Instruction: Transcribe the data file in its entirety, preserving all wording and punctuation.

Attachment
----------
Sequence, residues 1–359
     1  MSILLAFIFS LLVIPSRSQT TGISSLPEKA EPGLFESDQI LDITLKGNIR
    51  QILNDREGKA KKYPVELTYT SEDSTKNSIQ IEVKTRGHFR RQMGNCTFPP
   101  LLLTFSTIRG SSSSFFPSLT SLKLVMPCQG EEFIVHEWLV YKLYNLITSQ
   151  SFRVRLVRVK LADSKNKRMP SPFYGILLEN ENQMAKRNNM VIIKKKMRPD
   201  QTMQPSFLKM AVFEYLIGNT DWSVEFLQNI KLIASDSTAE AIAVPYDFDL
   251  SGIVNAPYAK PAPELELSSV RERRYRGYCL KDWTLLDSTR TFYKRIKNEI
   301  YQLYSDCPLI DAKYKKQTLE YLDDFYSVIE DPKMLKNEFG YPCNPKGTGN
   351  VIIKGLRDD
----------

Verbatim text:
Sequence, residues 1–359
     1  MSILLAFIFS LLVIPSRSQT TGISSLPEKA EPGLFESDQI LDITLKGNIR
    51  QILNDREGKA KKYPVELTYT SEDSTKNSIQ IEVKTRGHFR RQMGNCTFPP
   101  LLLTFSTIRG SSSSFFPSLT SLKLVMPCQG EEFIVHEWLV YKLYNLITSQ
   151  SFRVRLVRVK LADSKNKRMP SPFYGILLEN ENQMAKRNNM VIIKKKMRPD
   201  QTMQPSFLKM AVFEYLIGNT DWSVEFLQNI KLIASDSTAE AIAVPYDFDL
   251  SGIVNAPYAK PAPELELSSV RERRYRGYCL KDWTLLDSTR TFYKRIKNEI
   301  YQLYSDCPLI DAKYKKQTLE YLDDFYSVIE DPKMLKNEFG YPCNPKGTGN
   351  VIIKGLRDD